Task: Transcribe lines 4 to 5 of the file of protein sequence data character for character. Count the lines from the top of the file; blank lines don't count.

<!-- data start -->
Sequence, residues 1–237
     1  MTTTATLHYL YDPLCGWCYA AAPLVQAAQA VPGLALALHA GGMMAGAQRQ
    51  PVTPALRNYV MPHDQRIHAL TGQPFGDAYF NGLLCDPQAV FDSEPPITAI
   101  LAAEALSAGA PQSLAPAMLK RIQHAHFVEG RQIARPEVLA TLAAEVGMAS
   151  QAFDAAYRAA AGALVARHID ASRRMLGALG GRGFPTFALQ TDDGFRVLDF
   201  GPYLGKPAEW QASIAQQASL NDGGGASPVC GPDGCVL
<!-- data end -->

   101  LAAEALSAGA PQSLAPAMLK RIQHAHFVEG RQIARPEVLA TLAAEVGMAS
   151  QAFDAAYRAA AGALVARHID ASRRMLGALG GRGFPTFALQ TDDGFRVLDF